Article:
Mayfly at the Orange Tree Theatre
Though grief immediately calls to mind great outpourings of emotion, it can just as often be a cork in the mouth of the bereaved, stopping up what so desperately needs to come out. There’s a reason why it’s called the grieving process: passivity can lock you in a time that no longer exists.
It’s also very messy – apt given the nature of Joe White’s Mayfly. Starting with a riverside rescue – beautifully staged by director Guy Jones, water gushing from the ceiling in beams of obscuring light – the playwright tracks a day in the life of a family fraying at the seams. What can’t be spoken blasts valleys between them, dad Ben (Simon Scardifield), mum Cat (Niky Wardley) and daughter Loops (Evelyn Hoskins) drifting on different planes of existence. That’s until Harry (Ifran Shamji) – a bumbling bartender who becomes a kind of inadvertent ghost at the table-cum-grief counsellor – starts to draw them back together.
Scardifield’s crumpled shuffle, Wardley’s frantic pain and Hoskins’s almost aggressive anxiety are all great. However, the real heart of the play is Shamji’s Harry. The character could so easily be a one-note klutz; instead, he is a young man who, yes, may want to crawl out of his own skin at times, but whose sad life experience has given him a hard-won instinct to care for others.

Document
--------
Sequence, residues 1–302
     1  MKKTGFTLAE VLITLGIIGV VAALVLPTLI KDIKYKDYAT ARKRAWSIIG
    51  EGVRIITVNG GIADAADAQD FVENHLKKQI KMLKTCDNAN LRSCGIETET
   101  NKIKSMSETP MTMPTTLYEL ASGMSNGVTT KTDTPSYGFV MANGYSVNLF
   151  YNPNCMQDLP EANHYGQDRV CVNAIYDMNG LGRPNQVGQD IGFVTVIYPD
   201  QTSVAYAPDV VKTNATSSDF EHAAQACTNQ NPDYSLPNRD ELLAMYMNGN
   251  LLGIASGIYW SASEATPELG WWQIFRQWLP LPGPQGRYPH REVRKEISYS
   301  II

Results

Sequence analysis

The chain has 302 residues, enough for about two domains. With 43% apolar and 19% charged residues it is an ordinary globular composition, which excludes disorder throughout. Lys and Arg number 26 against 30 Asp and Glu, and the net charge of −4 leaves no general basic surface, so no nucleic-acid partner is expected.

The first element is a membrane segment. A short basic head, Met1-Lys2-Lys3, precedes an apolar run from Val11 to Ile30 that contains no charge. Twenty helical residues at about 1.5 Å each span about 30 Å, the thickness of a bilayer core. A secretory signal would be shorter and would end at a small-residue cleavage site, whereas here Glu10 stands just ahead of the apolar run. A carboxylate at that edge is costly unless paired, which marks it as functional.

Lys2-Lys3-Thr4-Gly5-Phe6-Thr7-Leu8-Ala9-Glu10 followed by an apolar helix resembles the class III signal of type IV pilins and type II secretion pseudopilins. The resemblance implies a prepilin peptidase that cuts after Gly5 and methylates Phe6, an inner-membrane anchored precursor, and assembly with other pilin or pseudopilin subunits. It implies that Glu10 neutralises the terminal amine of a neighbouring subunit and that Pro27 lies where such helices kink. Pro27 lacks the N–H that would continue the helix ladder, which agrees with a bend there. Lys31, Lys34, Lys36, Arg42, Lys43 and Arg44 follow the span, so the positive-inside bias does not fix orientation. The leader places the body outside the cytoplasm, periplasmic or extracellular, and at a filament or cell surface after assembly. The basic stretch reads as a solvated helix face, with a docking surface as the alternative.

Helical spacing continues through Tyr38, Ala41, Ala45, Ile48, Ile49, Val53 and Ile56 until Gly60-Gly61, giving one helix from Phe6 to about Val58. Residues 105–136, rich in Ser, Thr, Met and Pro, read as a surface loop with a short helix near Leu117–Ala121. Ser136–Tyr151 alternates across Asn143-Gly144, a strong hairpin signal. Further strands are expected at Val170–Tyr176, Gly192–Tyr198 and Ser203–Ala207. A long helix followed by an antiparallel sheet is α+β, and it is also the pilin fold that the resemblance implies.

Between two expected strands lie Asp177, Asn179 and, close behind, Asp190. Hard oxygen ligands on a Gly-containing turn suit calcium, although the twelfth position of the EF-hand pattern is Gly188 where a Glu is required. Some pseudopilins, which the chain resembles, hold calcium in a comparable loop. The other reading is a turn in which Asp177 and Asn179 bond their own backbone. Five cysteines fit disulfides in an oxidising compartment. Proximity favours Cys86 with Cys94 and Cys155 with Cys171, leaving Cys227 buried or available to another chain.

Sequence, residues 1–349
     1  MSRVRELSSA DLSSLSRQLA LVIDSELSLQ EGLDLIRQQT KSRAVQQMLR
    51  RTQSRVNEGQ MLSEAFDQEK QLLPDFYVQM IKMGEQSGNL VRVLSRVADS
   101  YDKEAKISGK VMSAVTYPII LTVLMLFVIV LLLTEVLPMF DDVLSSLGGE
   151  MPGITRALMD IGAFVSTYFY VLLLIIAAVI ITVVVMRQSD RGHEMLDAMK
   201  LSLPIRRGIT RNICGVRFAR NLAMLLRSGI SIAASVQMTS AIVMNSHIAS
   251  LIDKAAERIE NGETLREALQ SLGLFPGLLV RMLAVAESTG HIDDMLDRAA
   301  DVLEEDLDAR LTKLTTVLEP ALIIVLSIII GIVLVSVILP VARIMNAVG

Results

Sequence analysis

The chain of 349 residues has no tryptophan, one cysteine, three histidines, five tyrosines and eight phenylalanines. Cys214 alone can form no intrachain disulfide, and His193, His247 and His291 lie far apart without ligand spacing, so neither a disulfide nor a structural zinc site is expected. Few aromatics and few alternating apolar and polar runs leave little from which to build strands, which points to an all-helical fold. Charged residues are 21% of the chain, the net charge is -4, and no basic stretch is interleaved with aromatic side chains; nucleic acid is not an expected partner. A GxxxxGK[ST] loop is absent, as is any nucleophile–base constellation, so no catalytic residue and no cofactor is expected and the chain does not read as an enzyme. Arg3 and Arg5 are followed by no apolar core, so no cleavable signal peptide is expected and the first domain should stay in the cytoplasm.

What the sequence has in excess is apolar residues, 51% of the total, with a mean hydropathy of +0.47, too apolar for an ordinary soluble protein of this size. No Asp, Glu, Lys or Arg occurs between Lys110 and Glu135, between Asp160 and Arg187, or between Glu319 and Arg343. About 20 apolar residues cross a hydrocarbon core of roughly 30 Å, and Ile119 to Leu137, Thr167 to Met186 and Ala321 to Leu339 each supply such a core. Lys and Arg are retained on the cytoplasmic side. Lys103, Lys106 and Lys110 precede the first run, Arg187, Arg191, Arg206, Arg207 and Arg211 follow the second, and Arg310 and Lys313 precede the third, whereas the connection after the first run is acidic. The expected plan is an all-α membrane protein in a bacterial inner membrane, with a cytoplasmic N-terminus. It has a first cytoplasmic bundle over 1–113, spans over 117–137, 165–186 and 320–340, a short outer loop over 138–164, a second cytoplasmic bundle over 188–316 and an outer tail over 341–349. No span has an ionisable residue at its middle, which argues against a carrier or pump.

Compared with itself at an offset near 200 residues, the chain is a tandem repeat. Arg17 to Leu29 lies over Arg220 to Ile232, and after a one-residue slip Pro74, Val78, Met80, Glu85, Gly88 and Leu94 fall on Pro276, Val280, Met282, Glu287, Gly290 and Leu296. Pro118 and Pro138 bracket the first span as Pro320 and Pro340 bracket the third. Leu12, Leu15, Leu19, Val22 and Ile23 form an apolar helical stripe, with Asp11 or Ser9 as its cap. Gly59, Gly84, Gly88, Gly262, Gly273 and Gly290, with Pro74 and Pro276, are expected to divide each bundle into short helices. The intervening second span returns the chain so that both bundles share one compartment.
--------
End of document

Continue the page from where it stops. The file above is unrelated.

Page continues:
White is good at capturing in his script how the dead and disappeared become instead embodied by totems for those who remain behind. The sound of a voicemail, the smell of a shirt, the warmth of a jacket. All of these elements combine in the final scene in a way that, at a different time, could be rendered creepy, but here they are naked and raw with the family’s hurt.
It should also be said that the production is pretty darn funny. The humour does not stem from anything that’s particularly macabre, as could happen with the material, but rather from conversational awkwardness between people desperate to speak around anything meaningful – if they want to speak at all.
But there’s a coyness baked into the drama – a very gradual parsing out of detail, of what has changed, the thudding reminders of how much time has passed – that makes sense with regards to the difficulties of verbalising grief, but which is quite frustrating to watch. The guessing game of what exactly has happened prevents a greater exploration of the specifics of what the family are going through; for too long, the grief exists as something abstract.
Once everything is out in the open the narrative gains a far greater power, as Mayfly starts to grapple with the tough stuff. Yet while White’s buildup does indeed maximise the arrival of a certain kind of catharsis, it doesn’t quite retroactively erase the stiffness and sometimes mechanical nature of the set-up.
Mayfly is at the Orange Tree Theatre from 19th April until 26th May 2018. For further information or to book visit the theatre’s website here.